The crisis that gripped Pakistan’s capital when protesters led by Pakistan Tehreek-e-Insaaf’s (PTI) Imran Khan stormed the city’s “red zone” escalated this week when Pakistani Prime Minister Nawaz Sharif chaired an emergency joint session of parliament. Both houses of parliament have convened for an emergency session that could last through the end of the week. On Tuesday, Sharif presided over the parliamentary proceedings, listening to representatives’ speeches. He is widely expected to make a formal address toward the end of the week in an attempt to defuse the current crisis. Sharif has repeatedly reiterated his commitment to remain in office despite claims by Imran Khan and Tahri ul-Qadri–a prominent cleric also leading protesters in Islamabad–that Sharif came to power through electoral fraud.
The decision to convene an emergency session of parliament was precipitated by a surge in violence between Pakistani security forces and protesters in Islamabad over the weekend. Three people were killed and more than 500 others were wounded in the clashes. Pakistani security forces staged a heavy-handed intervention to stop the protesters from storming Sharif’s residence. The protests have increasingly grown more chaotic. On Monday, protesters managed to storm the headquarters of Pakistan’s state television broadcaster, Pakistan TV (PTV), prompting a brief broadcast blackout. This event prompted Nawaz Sharif to meet with Pakistan’s Chief of Army Staff Raheel Sharif (no relation), ostensibly to discuss the military’s next steps in attempting to maintain order in the capital. The meeting prompted some speculation that Sharif had been asked to resign.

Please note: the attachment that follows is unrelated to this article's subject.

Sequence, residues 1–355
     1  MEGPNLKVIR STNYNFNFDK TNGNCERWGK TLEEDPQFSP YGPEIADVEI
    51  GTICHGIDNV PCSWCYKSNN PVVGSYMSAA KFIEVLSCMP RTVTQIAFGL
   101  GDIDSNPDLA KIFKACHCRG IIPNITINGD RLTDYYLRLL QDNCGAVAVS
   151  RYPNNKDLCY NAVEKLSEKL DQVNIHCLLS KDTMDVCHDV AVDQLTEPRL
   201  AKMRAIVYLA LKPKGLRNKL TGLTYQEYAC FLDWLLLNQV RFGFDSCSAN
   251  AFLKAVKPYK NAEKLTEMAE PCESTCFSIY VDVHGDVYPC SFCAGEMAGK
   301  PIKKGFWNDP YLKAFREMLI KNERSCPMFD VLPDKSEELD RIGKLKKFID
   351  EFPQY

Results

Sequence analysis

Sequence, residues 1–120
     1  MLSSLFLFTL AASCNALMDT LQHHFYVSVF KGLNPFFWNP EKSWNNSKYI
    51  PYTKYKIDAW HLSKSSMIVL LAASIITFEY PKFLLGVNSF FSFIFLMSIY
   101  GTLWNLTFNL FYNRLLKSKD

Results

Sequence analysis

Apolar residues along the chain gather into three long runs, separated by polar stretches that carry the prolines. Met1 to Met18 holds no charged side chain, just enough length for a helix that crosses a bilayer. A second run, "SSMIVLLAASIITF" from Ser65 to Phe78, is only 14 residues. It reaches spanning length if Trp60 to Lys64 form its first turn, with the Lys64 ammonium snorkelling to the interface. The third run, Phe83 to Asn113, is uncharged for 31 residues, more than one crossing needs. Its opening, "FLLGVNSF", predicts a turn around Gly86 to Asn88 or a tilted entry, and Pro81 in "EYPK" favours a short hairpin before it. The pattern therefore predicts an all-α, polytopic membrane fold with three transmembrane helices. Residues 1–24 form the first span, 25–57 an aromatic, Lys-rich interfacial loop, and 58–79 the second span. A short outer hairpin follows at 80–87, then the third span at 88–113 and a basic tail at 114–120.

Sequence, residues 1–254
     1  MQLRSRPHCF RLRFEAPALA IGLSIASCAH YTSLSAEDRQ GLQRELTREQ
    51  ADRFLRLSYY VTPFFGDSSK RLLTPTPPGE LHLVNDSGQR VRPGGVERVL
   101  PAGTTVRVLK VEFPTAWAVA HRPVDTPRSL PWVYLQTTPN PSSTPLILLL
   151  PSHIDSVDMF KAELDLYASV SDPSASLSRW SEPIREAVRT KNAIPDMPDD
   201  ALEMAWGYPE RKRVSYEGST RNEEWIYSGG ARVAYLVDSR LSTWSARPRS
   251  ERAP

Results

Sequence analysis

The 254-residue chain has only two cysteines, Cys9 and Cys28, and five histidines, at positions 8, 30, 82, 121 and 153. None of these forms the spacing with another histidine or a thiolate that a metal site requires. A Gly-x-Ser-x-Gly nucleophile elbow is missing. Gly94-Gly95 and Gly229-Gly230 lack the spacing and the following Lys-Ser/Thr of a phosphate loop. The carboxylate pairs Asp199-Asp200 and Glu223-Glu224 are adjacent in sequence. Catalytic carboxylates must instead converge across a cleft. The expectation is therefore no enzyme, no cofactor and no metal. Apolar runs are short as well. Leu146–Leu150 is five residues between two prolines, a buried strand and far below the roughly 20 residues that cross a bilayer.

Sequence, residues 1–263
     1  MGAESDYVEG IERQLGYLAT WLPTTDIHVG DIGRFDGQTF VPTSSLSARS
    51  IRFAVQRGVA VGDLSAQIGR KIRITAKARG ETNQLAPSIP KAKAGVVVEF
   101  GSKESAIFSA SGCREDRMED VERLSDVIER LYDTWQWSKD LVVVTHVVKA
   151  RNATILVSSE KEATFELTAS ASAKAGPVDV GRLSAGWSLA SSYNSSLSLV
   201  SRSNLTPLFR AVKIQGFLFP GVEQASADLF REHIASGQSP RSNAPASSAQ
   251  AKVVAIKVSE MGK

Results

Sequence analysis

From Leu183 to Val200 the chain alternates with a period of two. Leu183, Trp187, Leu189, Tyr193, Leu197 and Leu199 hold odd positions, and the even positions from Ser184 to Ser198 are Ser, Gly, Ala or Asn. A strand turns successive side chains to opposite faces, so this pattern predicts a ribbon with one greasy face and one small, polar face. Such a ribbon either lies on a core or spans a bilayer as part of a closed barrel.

While the current crisis in Pakistan was relatively localized in Islamabad initially, protests are slowly spreading across the country to other major urban hubs. With the proliferation of protests across the country, the military could step in to ask Sharif to voluntary resign in the interest of national stability. Sharif is generally wary of the military given that he was ousted in a coup in 1999. In recent weeks, including during his Independence Day speech this year, Sharif praised the military. He additionally invited the army to maintain security in Islamabad ahead of Imran Khan’s “Azadi March.” Sharif, however, remains adamant about the legitimacy of his democratic mandate, refusing to resign under the current circumstances: “I will not resign under any pressure and I will not go on leave,” Sharif said, adding that “there shall be no precedent in Pakistan that only a few people take as hostage the mandate of millions by resorting to force.”
For the moment, what is clear is that the events currently unfolding in Islamabad represent Pakistan’s worst political crisis in years. What is less clear is the trajectory that this crisis could take in the coming weeks. The three sets of actors influencing events–the Sharif government, the military, and the Khan-Qadri opposition–share entirely disparate perceptions about the current state of affairs in the country. For Sharif’s government, state collapse, resignation, or a coup are simply not an option. For Khan, Qadri, and the protesters, the state has already collapsed–it’s simply a matter of evicting the current tenants of Islamabad’s red zone. The military, so far, has kept a pokerface; it even issued a statement declaring itself an “apolitical institution” with “unequivocal support for democracy.” History tells us that hasn’t always been true in Pakistan, but this crisis could prove an exception.